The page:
Skip to main content

Jackets beat Wild in shootout

by Dan Myers /

ST. PAUL, Minn. -- There's little question which team was the better one in Saturday's game between the Minnesota Wild and Columbus Blue Jackets.

Unfortunately for the home team, there's no question who was the best player.

Minnesota had Grade-A scoring chances all night long, but beat Columbus goaltender Sergei Bobrovsky only twice on 41 shots as the Blue Jackets beat the Wild 3-2 in a shootout at Xcel Energy Center.

"We were relying on [Bobrovsky] way too much, he had to be way too good," Columbus coach Todd Richards said. "We should be happy to get two points, but I want to see us do things right over and over."

Mark Letestu and Cam Atkinson scored against Niklas Backstrom in the tiebreaker, while Bobrovsky stopped Zach Parise and Mikko Koivu to give the Blue Jackets the extra point and a successful start to a six-game road trip. The Blue Jackets (19-16-7) have 45 points, the same as the eighth-place Dallas Stars and ninth-place Detroit Red Wings -- both of whom have a game in hand in the battle for playoff berths in the Western Conference.

"I think we played better last night [in a 4-1 win over the St. Louis Blues] than we did tonight," Jackets defenseman Jack Johnson said. "Sometimes you have to win some games you shouldn't."

The loss was Minnesota's third straight -- all at home -- though the single point gives the seventh-place Wild 47 and a two-point lead on the three teams behind them. Backstrom made 20 saves through 65 minutes, but was beaten easily by Letestu and Atkinson in the tiebreaker.

Bobrovsky was outstanding all night long, making a number of fantastic saves including several in the game's opening 20 minutes. The Wild outshot the Jackets 15-6 in the first period, but could only score once. Minnesota coach Mike Yeo said he had scoring chances after one at 10-0 in his team's favor.

"We did an awful lot of good things," Yeo said. "Their goalie was, obviously, extremely good."

Even the first goal that beat Bobrovsky went off a Columbus skate -- Brett Clark's shot was tipped by Pierre-Marc Bouchard in front and Bobrovsky made the save, but the rebound came out to the right post and was kicked into the net by Johnson at 15:59.

The goal snapped Minnesota's scoreless streak at 137:24.

Columbus controlled play for a six-minute stretch to start the second period and got goals by Vinny Prospal and Fedor Tyutin 2:25 apart, supplying enough offense to get the game to overtime.

"We had a couple of lapses and it cost us two goals," Wild forward Devin Setoguchi said. "We have yet to play 60 minutes and 10 minutes cost us."

Columbus led 2-1 until the Wild's Jason Pominville slammed home a rebound with 3:15 left in regulation, getting Minnesota a huge point in the standings. An 0-3-0 homestand likely would have been devastating to the team's confidence as it heads out on a three-game trip of its own starting Monday in Calgary.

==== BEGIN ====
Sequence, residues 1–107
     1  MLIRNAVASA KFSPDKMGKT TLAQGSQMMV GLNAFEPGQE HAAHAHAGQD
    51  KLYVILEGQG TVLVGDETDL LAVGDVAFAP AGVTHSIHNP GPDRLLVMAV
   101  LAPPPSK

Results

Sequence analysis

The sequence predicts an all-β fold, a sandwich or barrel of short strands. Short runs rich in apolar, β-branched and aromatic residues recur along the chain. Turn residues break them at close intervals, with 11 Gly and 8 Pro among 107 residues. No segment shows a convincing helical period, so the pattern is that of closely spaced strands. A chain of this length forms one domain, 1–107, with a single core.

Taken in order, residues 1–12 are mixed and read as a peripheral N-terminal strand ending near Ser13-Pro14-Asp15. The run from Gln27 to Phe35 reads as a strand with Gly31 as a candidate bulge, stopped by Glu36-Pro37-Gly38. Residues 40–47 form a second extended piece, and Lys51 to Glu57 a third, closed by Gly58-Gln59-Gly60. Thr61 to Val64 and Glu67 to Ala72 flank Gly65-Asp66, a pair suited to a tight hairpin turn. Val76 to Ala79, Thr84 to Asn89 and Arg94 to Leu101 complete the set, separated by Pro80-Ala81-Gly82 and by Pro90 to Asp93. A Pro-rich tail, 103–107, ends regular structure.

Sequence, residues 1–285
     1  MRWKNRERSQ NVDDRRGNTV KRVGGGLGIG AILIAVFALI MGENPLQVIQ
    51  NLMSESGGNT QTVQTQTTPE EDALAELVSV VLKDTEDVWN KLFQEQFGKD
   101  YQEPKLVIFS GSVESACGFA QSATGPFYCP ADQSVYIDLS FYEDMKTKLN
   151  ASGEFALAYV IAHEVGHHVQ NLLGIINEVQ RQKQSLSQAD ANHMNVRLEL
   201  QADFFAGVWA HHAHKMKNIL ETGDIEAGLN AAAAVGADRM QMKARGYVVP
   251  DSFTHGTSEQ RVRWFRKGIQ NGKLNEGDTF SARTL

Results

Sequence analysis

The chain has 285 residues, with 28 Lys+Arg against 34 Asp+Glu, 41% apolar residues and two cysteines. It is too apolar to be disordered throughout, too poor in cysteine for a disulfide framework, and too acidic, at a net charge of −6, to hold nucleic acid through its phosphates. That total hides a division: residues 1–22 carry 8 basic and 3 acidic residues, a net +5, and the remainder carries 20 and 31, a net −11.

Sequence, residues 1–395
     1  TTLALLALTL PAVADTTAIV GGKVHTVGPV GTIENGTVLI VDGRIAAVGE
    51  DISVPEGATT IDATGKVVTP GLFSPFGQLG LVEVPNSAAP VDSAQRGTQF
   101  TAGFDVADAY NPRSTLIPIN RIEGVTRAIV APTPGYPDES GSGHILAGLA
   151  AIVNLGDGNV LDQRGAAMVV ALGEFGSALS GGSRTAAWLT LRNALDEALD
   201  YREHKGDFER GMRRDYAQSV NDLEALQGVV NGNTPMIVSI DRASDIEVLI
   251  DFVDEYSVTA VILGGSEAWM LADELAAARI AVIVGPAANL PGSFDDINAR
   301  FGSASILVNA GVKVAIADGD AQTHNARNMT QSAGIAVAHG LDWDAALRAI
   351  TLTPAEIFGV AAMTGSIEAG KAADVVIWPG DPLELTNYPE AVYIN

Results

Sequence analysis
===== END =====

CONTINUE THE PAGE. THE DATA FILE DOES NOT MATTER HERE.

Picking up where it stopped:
Instead, Yeo said he believes Minnesota's game is something the team could build on as it heads into the home stretch of a season which two weeks ago seemed destined to include its first playoff berth in five years.

"This has the potential to be that kind of game," Yeo said. "That's a huge point for us. When you're down and you have a goalie that's playing like that, to tie it up, that's a big point."

Both teams played all but 17 seconds of the contest down a forward. On the game's first shift, Wild winger Charlie Coyle barreled over Jackets forward Artem Anisimov near the half wall in the Columbus zone. Brandon Dubinsky came to Anisimov's aid, instigating a fight with Coyle.

Afterwards, the officials met near the penalty box and assessed Coyle a match penalty for contact to the head. Anisimov left the ice and did not return, suffering an upper-body injury.

Columbus skated with a three-minute power play after Dubinsky's instigator expired, but the Jackets were without him for virtually the entire first period as he also served five for fighting and a 10-minute misconduct.

That put an extra burden on role forwards like Jared Boll and Derek Mackenzie to play bigger minutes, and according to Richards, they answered the call.

"We needed everyone," Richards said. "There were times when we were missing a lot of guys. We needed more from them."

Dubinsky also assisted on both goals for Columbus, including a spin-o-rama pass from behind the net to Prospal in the slot, who hammered home a one-timer to tie the game at 3:53 of the second.

Tyutin's shot from the top of the left circle beat Backstrom after the Jackets kept the Wild's third line hemmed in its own zone for 1:11.

Yeo saw the hit in question much differently than the officials, and said he believed his team would come away from the scrap with a two-minute power play.

Instead, his team was down its first line right wing all night just a day after Yeo had reshuffled his team's lines in practice to try and create more scoring chances.

"That's the tough part," Yeo said. "There's a different guy going out with a different guy all night long. You might be overusing guys in some situations, but even just to start the game like that… the way I see it, it's a great hit and we should be on the power play."

After traveling to face the Colorado Avalanche on Monday, the Jackets head to the west coast for a critical stretch against the Anaheim Ducks, Los Angeles Kings, San Jose Sharks and Dallas Stars -- the latter three are all within five points of the Jackets in the standings.

Minnesota has winnable games against the Calgary Flames and Edmonton Oilers -- both non-contending teams -- before a test in San Jose on Thursday. The fifth-place Sharks lead the Wild by two points.

View More